"I have followed multiple divergent paths in my life. A constant has been that I have worked on behalf of artists to help get recognition for their work—whether interviewing and photographing quiltmakers, curating exhibitions, creating documentaries about artists, and now working on public art projects. The public art realm has been hugely satisfying because of the permanence of these projects and the impact they have on people’s lives.” —Caroline Lerch

Caroline LerchCaroline Lerch grew up in New Orleans, where it’s said music is everywhere. It certainly was in Caroline’s house—her grandfather was a jazz musician and pianist who could be heard on the local radio every morning on the "Pinky Vidacovich and the Dawnbusters" show, and her mother, Haydée Lafaye Ellis, played guitar and upright bass in a band with a regular gig in the French Quarter. Haydée also painted and acted in local theater productions—all the while being a conventional PTA mom, married to a civil engineer.

She managed to embody all of these things at the same time, Caroline said. Thinking back on my upbringing has made me realize that it probably influenced my own path and career development. I felt like I could be many things at once.

While pursuing a graduate school degree in art history with a focus on folk art at the University of Mississippi, Caroline developed a passion for African American folk quits. Following in the path of famed folklorist (and eventual Director of the National Endowment of the Humanities) Dr. William Ferris, she did fieldwork in the Mississippi Delta, documenting quiltmakers and artists and filming interviews. This was well before the blockbuster The Quilts of Gee’s Bend show at the Whitney Museum of American Art brought attention to the genre.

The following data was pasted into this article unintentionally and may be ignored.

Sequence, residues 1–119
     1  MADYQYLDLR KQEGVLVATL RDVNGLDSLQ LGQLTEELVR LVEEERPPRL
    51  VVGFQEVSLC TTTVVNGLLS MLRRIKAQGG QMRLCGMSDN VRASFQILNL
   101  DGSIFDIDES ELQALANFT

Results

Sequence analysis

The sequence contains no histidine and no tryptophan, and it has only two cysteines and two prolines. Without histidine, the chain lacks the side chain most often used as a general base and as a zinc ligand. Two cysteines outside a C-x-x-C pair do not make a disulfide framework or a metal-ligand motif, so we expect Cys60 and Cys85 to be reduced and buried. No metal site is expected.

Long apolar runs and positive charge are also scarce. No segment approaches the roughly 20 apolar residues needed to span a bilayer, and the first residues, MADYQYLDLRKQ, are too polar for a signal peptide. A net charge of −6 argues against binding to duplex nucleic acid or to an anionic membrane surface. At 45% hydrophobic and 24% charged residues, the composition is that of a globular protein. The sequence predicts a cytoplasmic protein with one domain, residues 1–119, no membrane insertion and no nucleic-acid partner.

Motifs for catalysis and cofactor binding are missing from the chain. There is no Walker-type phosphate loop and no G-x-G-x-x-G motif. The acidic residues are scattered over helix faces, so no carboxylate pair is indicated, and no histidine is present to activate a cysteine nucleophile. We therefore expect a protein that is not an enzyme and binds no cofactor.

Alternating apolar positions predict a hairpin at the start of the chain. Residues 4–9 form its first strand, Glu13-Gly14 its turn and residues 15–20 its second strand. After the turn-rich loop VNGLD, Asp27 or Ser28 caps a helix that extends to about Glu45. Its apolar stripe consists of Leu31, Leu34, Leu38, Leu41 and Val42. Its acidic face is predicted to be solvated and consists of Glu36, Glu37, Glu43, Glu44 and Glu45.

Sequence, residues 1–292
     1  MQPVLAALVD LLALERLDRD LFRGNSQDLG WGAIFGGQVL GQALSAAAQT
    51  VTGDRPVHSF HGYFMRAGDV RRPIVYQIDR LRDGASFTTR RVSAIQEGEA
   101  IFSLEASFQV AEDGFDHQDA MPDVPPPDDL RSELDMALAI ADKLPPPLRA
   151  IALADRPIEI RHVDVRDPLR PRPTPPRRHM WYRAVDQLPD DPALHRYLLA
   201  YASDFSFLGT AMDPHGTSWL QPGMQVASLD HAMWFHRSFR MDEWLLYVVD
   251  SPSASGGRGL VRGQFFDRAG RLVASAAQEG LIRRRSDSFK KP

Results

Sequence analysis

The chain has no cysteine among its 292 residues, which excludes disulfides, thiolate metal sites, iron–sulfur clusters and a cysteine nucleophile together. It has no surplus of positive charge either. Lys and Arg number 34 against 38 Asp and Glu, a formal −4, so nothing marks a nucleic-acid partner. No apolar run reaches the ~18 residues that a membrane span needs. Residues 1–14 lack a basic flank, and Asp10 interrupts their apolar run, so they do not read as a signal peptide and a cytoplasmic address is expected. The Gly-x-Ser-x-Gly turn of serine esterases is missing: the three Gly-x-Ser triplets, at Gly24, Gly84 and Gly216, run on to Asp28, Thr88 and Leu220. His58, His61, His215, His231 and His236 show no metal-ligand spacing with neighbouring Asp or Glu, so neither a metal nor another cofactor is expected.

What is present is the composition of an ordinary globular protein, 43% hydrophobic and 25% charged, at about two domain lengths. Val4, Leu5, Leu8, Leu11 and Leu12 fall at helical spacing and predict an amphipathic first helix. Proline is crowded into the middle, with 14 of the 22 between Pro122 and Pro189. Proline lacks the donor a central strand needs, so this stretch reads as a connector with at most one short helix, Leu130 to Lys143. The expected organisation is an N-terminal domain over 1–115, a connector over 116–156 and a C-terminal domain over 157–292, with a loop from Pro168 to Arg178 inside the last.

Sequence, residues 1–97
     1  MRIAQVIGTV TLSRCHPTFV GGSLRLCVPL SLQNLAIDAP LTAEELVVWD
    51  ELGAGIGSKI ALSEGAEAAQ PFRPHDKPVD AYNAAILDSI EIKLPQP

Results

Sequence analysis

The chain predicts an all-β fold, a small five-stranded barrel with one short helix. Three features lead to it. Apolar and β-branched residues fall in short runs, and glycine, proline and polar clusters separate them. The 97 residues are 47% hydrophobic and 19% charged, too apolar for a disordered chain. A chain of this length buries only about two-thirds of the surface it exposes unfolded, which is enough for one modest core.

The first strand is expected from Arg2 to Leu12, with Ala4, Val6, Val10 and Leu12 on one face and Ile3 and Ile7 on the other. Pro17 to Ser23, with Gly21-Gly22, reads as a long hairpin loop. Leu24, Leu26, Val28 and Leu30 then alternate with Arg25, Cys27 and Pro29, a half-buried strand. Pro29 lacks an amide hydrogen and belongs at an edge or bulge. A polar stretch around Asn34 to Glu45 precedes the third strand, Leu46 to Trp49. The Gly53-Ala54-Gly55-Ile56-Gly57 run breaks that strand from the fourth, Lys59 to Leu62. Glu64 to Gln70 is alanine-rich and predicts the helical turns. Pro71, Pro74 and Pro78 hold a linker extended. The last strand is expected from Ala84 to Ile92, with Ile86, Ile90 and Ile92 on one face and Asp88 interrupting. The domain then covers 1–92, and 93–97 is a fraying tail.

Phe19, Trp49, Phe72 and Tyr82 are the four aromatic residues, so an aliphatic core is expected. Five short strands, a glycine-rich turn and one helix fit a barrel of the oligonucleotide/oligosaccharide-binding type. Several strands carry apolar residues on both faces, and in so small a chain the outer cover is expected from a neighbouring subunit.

There has been a lot of scholarship and research on these quilts, about their improvisational quality that some people compare to jazz. Resembling abstract paintings, they are asymmetrical and vibrant, with a creative and resourceful use of materials. They are quite different than quilts in the Anglo tradition, which are focused on precision, symmetry, and more subdued colors, Caroline said. I wanted to document the quiltmakers I met before they disappeared, and to bring attention to their work. I organized exhibitions in Oxford, Mississippi and New Orleans during that time.

Caroline moved to New York for an internship at the American Folk Art Museum, and within a couple of years—in her mid-20s—co-founded the groundbreaking Outsider Art Fair, which showcased the work of self-taught artists and artists living with neurodiversity (autism and other developmental disabilities, schizophrenia, and Tourette's syndrome, for example). It was a huge success and is still being produced today in New York and Paris. She served as its Director for 12 years. The fair really introduced this field to thousands of visitors—including curators, members of the press, and collectors. Many artists’ careers were launched or boosted as a result and a great deal of them ended up in in museum collections.